By Dr. Paul Jerard, E-RYT 500
Yoga stretching movements are excellent for all kinds of different ailments, aches, and pains. Lower back pain can be extremely debilitating, which can make sitting, standing, and laying down a painful experience. A stretch that rounds the back off, and is especially effective for the lower back, is the cat stretch.
To help with back pain, the cat stretch will need to be practiced on a daily basis. Due to the fact that it is practiced on the hands and knees, investing in a Yoga mat is a wise idea to save the knees from excessive discomfort; one of the keys to making this pose a daily practice is making it as painless as possible.
The cat stretch promotes proper alignment and targets two muscles in particular: the rectus abdominis and the erector spinae. The rectus abdominis is the part of the abdominal muscles that controls the tilt of the pelvis, and the spine, while the erector spinae is a substantial part of the muscle network of the back. Any problems with either one of these two muscles can be a source of lower back pain. Exercises that target these areas, specifically, are especially therapeutic for sufferers of lower back pain.
Performing the Cat Stretch
Step 1: Roll out a Yoga mat onto the floor. If no mat is available, a towel, rug, quilt, or blanket may be substituted. Get down on hands and knees. The spine should be kept in a neutral position (Table pose). The arms should be directly under the shoulders, while knees should be directly under the hips. Knees should be equal to hips in terms of distance apart. Inhale, while holding the Table pose.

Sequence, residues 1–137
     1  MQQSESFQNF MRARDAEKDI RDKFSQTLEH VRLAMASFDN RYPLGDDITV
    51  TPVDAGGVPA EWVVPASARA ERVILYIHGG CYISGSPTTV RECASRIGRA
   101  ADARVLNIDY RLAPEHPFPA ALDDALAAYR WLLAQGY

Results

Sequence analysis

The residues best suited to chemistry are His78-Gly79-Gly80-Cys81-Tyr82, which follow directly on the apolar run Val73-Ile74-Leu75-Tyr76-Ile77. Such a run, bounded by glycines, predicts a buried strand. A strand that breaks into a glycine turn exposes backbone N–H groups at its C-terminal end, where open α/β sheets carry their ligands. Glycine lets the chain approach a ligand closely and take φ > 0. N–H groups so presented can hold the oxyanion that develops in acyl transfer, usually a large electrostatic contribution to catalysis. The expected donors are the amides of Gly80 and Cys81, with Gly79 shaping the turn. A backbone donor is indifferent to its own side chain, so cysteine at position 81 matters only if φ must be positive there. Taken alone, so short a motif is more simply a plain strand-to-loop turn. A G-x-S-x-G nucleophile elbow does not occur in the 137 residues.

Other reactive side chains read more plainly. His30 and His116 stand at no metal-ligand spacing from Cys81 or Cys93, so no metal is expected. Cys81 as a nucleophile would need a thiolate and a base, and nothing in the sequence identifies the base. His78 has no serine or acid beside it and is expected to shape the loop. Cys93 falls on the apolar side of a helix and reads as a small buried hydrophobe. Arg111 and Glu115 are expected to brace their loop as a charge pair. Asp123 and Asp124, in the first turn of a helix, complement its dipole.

Step 2: To move into the Cat Stretch, begin exhaling slowly, curve the spine upward in the direction of the ceiling, tucking the tail bone down, and allowing the head to sag in a relaxed manner, while the chin draws toward your collar bone. The shape of the back and spine should resemble an arch.
Step 3: At the top of the Cat Stretch, draw the navel toward the spine, while keeping the abs tight. Focus on expanding the ribcage, pulling the belly in and up.
Step 4: Inhale and return to the Table Pose, keeping the spine in a neutral position.
This Yoga technique can be repeated as many times as desired, although four repetitions are a good therapeutic start. Remember to avoid overdoing new movements. To counter pose this posture, a back bend is often recommended. The most common counter pose to the Cat Stretch is Cow Pose, which is also practiced on hands and knees, with the spine going into an upward curve. Other back bends to consider are Camel or Fish Pose.
Hatha Yoga for the back is a viable solution for pain reduction or elimination of pain. At the same time, balancing the muscle tension around the spine may correct the problem at the source.
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